2011-09-16

409

Aggregation-Prone Proteins Modulate Huntingtin Inclusion Body Formation in Yeast  

PubMed Central

Huntington's disease (HD) is a fatal neurodegenerative disorder caused by a polyglutamine expansion in the huntingtin (HTT) protein. The expression of mutant HTT in the baker’s yeast Saccharomyces cerevisiae recapitulates many of the cellular phenotypes observed in mammalian HD models. Mutant HTT aggregation and toxicity in yeast is influenced by the presence of the Rnq1p and Sup35p prions, as well as other glutamine/asparagine-rich aggregation-prone proteins. Here we investigated the ability of a subset of these proteins to modulate mutant HTT aggregation and to substitute for the prion form of Rnq1p. We find that overexpression of either the putative prion Ybr016wp or the Sup35p prion restores aggregation of mutant HTT in yeast cells lacking the Rnq1p prion. These results indicate that an interchangeable suite of aggregation-prone proteins regulates mutant HTT aggregation dynamics in yeast, which may have implications for mutant HTT aggregation in human cells.

Kantcheva, Ralitsa B.; Mason, Robert; Giorgini, Flaviano

2014-01-01

410

Use of thermal inertia determined by HCMM to predict nocturnal cold prone areas in Florida  

NASA Technical Reports Server (NTRS)

Pairs of HCMM day-night thermal infrared (IR) data were selected during the 1978-79 winter to examine patterns of surface temperature and thermal inertia (TI) of peninsular Florida. The GOES and NOAA-6 thermal IR, as well as National Climatic Center temperatures and rainfall, were also used. The HCMM apparent thermal inertia (ATI) images closely corresponded to the general soil map of Florida, based on soil drainage classes. Areas with low ATI overlay well-drained soils, such as deep sands and drained organic soils, whereas with high ATI overlay areas with wetlands and bodies of water. The HCMM ATI images also corresponded well with GOES-detected winter nocturnal cold-prone areas. Use of HCMM data with Carlson's energy balance model showed both high moisture availability (MA) and high thermal inertia (TI) of wetland-type surfaces and low MA and low TI of upland, well-drained soils. Since soil areas with low TI develop higher temperatures during the day, then antecedent patterns of highest maximum daytime surface temperature can also be used to predict nocturnal cold-prone areas in Florida.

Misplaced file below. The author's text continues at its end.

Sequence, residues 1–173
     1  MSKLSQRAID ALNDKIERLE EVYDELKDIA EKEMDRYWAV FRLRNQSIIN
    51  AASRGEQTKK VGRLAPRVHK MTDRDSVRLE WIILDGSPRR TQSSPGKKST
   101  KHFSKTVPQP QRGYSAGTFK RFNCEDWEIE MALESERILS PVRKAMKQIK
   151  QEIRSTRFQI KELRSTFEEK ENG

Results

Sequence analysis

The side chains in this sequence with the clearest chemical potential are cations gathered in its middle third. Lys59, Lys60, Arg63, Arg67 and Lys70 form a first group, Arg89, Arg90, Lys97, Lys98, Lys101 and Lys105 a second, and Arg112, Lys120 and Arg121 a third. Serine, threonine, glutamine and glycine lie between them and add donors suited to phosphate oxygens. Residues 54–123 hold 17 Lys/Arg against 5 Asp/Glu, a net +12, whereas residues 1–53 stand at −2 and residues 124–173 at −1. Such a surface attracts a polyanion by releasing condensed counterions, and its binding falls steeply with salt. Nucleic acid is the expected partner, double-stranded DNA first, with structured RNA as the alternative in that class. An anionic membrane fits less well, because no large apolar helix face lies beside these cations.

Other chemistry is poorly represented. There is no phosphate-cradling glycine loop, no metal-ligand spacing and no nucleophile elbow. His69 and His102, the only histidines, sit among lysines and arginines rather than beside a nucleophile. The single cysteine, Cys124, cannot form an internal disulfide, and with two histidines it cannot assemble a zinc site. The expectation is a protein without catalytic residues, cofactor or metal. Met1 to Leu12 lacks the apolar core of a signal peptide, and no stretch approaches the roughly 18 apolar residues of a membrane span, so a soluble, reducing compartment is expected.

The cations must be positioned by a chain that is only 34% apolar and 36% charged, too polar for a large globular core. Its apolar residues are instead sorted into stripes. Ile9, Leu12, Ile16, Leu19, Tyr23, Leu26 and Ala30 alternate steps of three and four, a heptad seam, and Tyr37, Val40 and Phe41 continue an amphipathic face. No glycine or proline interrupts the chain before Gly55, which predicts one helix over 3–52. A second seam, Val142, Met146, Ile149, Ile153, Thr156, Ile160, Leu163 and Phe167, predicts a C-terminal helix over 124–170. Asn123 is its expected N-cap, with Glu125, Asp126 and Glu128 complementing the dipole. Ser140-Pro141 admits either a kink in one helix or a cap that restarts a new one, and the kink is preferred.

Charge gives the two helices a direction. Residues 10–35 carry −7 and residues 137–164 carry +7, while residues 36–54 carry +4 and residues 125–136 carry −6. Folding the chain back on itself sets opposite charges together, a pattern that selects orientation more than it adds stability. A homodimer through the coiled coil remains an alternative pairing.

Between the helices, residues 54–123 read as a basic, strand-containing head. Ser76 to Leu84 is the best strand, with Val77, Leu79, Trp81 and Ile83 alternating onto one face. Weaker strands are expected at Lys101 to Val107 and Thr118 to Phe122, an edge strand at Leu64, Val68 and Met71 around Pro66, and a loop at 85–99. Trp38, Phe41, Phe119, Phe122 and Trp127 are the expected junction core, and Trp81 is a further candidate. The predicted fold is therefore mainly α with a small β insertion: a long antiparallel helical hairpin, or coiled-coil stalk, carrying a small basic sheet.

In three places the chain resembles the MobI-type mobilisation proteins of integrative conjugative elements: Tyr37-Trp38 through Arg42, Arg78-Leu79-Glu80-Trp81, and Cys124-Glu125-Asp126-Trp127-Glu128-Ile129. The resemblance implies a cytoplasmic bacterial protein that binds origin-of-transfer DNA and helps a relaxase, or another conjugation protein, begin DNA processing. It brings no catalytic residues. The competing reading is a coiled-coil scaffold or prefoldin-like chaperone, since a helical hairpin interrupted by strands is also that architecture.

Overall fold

Allen, L. H., Jr. (principal investigator)

1983-01-01

411

Genome-Wide Profiling of Yeast DNA:RNA Hybrid Prone Sites with DRIP-Chip  

PubMed Central

DNA:RNA hybrid formation is emerging as a significant cause of genome instability in biological systems ranging from bacteria to mammals. Here we describe the genome-wide distribution of DNA:RNA hybrid prone loci in Saccharomyces cerevisiae by DNA:RNA immunoprecipitation (DRIP) followed by hybridization on tiling microarray. These profiles show that DNA:RNA hybrids preferentially accumulated at rDNA, Ty1 and Ty2 transposons, telomeric repeat regions and a subset of open reading frames (ORFs). The latter are generally highly transcribed and have high GC content. Interestingly, significant DNA:RNA hybrid enrichment was also detected at genes associated with antisense transcripts. The expression of antisense-associated genes was also significantly altered upon overexpression of RNase H, which degrades the RNA in hybrids. Finally, we uncover mutant-specific differences in the DRIP profiles of a Sen1 helicase mutant, RNase H deletion mutant and Hpr1 THO complex mutant compared to wild type, suggesting different roles for these proteins in DNA:RNA hybrid biology. Our profiles of DNA:RNA hybrid prone loci provide a resource for understanding the properties of hybrid-forming regions in vivo, extend our knowledge of hybrid-mitigating enzymes, and contribute to models of antisense-mediated gene regulation. A summary of this paper was presented at the 26th International Conference on Yeast Genetics and Molecular Biology, August 2013.

Lu, Phoebe Y. T.; Luo, Zongli; Hamza, Akil; Kobor, Michael S.; Stirling, Peter C.; Hieter, Philip

2014-01-01

412

Aggregation-prone proteins modulate huntingtin inclusion body formation in yeast.  

PubMed

Huntington's disease (HD) is a fatal neurodegenerative disorder caused by a polyglutamine expansion in the huntingtin (HTT) protein. The expression of mutant HTT in the baker's yeast Saccharomyces cerevisiae recapitulates many of the cellular phenotypes observed in mammalian HD models. Mutant HTT aggregation and toxicity in yeast is influenced by the presence of the Rnq1p and Sup35p prions, as well as other glutamine/asparagine-rich aggregation-prone proteins. Here we investigated the ability of a subset of these proteins to modulate mutant HTT aggregation and to substitute for the prion form of Rnq1p. We find that overexpression of either the putative prion Ybr016wp or the Sup35p prion restores aggregation of mutant HTT in yeast cells lacking the Rnq1p prion. These results indicate that an interchangeable suite of aggregation-prone proteins regulates mutant HTT aggregation dynamics in yeast, which may have implications for mutant HTT aggregation in human cells. PMID:24804153

Kantcheva, Ralitsa B; Mason, Robert; Giorgini, Flaviano

2014-01-01

413

Rock fragments and soil physical properties in the fire-prone Portuguese schist region  

NASA Astrophysics Data System (ADS)